There are different identity management techniques, and, in this section, we look at the two most common strategies: role-based access control (RBAC) and attribute-based access control (ABAC). The main difference is in the way each method grants access to a specific resource. RBAC techniques allow you to grant access using roles and role attachments. ABAC techniques let you determine access by evaluating a set of rules and policies according to specific attributes, such as environment, system, object, or user information. While RBAC relies on pre-defined roles, ABAC is more dynamic and uses relation-based access control. RBAC can be used to determine access control with broad strokes, while ABAC offers more granularity. AWS follows the ABAC model, where the access attribute can be a user with a dedicated username and password. GCP and Azure leverage the RBAC model, where a specific role, either custom or built-in, must be attached to a principal.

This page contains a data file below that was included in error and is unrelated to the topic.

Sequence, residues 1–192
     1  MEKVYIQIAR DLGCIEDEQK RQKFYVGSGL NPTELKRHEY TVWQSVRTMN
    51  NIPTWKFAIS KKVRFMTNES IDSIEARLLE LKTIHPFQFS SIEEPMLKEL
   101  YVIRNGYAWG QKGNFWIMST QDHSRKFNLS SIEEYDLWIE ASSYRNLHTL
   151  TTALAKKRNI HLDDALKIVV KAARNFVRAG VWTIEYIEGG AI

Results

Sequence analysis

Provisioning

These providers offer multiple APIs and software development kits (SDKs) in different programming languages for developers using different development/IT environments. In this article, our focus is the creation of many accounts with a pre-established billing construct.

AWS

For enterprise users, Amazon offers the ability to provision AWS Accounts through the AWS Organization service that automatically sets up the billing at the uppermost level, which is considered a management account. Here, we’re looking at the creation of a new account. The new account status needs to change to Active for us to operate on it further. The two input parameters we need to provide for account creation are